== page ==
Legend of Quetzalcoatl part 2 VM#24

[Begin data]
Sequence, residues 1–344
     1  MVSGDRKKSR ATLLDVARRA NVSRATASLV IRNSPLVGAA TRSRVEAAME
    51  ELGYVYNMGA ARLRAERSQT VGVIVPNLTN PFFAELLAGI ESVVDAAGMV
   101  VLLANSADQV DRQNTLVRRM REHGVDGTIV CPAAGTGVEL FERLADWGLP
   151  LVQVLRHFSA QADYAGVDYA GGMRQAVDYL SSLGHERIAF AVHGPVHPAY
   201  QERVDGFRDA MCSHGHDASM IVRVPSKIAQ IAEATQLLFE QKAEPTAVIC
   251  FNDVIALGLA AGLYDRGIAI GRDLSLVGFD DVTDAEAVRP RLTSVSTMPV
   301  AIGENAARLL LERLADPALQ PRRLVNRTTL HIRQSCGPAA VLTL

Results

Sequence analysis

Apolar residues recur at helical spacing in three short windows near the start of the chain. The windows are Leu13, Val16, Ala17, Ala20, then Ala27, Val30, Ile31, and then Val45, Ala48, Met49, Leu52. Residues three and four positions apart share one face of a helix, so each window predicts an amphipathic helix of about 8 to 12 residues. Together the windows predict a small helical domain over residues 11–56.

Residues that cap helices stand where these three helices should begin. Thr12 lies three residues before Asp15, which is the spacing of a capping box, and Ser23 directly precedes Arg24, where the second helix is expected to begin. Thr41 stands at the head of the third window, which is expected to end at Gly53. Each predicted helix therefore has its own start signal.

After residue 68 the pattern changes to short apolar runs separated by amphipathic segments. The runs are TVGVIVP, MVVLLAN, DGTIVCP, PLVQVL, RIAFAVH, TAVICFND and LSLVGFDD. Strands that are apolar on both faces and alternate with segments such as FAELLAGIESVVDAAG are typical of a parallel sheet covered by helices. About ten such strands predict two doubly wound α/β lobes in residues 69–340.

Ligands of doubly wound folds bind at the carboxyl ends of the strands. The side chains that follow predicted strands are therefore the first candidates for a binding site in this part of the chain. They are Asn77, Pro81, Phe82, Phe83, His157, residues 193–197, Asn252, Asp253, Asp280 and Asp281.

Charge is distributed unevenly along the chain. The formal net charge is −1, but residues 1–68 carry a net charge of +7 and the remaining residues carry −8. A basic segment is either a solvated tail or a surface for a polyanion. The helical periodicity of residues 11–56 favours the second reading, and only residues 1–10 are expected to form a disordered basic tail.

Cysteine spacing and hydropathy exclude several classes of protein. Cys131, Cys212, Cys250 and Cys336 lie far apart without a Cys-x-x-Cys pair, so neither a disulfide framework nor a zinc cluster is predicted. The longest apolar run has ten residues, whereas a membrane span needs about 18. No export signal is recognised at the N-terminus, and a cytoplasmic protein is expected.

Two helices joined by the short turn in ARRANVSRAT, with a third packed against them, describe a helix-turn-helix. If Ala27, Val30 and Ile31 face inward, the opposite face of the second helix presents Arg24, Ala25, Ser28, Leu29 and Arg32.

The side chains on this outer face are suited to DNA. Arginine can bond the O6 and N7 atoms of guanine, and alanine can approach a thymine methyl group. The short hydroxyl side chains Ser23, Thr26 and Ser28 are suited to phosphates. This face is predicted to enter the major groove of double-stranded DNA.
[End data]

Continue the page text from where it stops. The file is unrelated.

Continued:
One day, Tezcatlipoca disguised himself as an old man and brought a gift to Quetzalcoatl, who received it with great joy and humility, realizing that it  was a maguey that brought forth a delicious liquid.   However, what Quetzalcoatl didn’t know was that the delicious liquid was octli or pulque“, anintoxicating drink which had yet to be discovered. Quetzalcoatl drank it with pleasure; he drank and sang like never before. He was so ecstatic that, being filled with carnal desires, he took as his woman Quetzalpetatl, a priestess belonging to his cult, thus breaking his celibacy.  The next morning he felt utterly unclean and made the hardest decision of his life, for he was no longer worthy to lead Tollan. He headed for the sea, built a boat out of snakes and sailed toward the setting sun, promising the Toltecs to return to Tollan in the year Ce Acatl to avenge forthe betrayal.  Coincidentally, that same pre-Hispanic year was the year 1519 AD, the year when the first Spaniards arrived on the very coast by which Quetzalcoatl disappeared. On the other hand, according to some historians, the representations of Quetzalcoatl depict him as a tall and bearded white male. That’s why it is assured that this notable personage may have been, in fact, genuine: a Viking who reached the shores of the Gulf of Mexico to later become the god of theToltecs, because of all the new knowledge that he instilled. The most remarkable thing about this story is that it was precisely because of these physical characteristics and the golden glow of his armor and clothing, that the Spanish conquistador, Hernan Cortes, was mistaken for this god. The dates coincided, as well as the omens promised by the magicians and Aztec priests, so that an entire civilization, believing in these prophecies, immediately thought of the return of Quetzalcoatl.  Unfortunately, they realized too late that this god was nothing more than a man who came in search of gold and who was willing to end entirely with a great civilization. The great Quetzalcoatl is remembered, therefore, as an exemplary governor and politician, a civilizing hero; as the inventor of the calendar, the discoverer of corn, a master farmer, the inventor of the art of smelting metals, a precious stone carver, judge and jurist and as the unifying god of the world.  His importance was such that many Hispanic cultures worshiped him, whether as Quetzalcoatl orKukulcan. His teachings reached different civilizations, including the OlmecMayaMixtec andToltec,  and the Aztecs. Even more puzzling is  the fact that all cultures described him similarly, with only minor variations. Quetzalcoatl  is the main protagonist of many of the major Mesoamerican myths and legends that continue to intrigue us.


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